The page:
Lovelace was born the only legitimate child of Lord Byron (with whom she had no relationship), and grew up under a domineering mother from whom she tried to run away. Talented as a musician and poet, Lovelace was in many ways typical of the engineers and inventors of the Victorian age. It was her persistence in following questions to their conclusion, rather than an inherent “genius” that defined her as a scientist.
Her interests in mathematics, electromagnetism and importantly logic, flourished under the instruction of Augustus de Morgan. It was the grounding in logic that made her perhaps the only person who fully understood Babbage’s work. Though it is often disputed that the early work carried out by Babbage and Lovelace did not constitute computing as we know it today, it is an interesting “what if” of history to consider what may have happened had the Analytical Engine been completed.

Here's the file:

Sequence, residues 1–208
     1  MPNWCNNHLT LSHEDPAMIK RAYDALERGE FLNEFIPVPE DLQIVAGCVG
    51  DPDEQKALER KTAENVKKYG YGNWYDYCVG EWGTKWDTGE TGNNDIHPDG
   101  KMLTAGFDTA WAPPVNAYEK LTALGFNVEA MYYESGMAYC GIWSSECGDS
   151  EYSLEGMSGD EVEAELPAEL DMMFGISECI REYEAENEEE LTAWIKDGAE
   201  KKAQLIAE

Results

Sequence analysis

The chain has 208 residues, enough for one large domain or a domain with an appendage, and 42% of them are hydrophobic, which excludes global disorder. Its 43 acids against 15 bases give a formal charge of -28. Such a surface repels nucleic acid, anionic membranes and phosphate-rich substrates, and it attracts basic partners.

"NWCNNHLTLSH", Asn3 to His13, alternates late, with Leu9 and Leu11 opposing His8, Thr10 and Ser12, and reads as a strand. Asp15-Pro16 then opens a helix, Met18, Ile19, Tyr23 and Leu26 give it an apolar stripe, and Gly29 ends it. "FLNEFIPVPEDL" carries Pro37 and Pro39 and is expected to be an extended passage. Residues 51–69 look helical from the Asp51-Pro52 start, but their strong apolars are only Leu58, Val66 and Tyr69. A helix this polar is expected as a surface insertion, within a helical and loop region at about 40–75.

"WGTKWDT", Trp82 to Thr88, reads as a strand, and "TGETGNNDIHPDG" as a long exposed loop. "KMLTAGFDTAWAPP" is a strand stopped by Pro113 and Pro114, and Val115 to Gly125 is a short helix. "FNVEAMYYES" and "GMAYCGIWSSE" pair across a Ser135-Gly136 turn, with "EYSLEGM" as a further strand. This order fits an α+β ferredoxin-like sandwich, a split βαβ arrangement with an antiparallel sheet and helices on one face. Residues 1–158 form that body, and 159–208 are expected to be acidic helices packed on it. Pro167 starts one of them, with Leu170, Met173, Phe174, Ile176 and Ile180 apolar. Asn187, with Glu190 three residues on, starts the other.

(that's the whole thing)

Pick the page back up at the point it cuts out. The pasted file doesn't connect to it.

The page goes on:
Over 100 years after Ada Lovelace’s early death from cancer at the age of 36, punch cards such as the ones that Babbage and Lovelace used to store programs were still in use, and electromechanical computers had already proved themselves vital in the field of code breaking during WW2. To see for yourself the complexity and amazing foresight of Lovelace’s work, see her “Sketch of the Analytical Engine Invented by Charles Babbage, Esq.”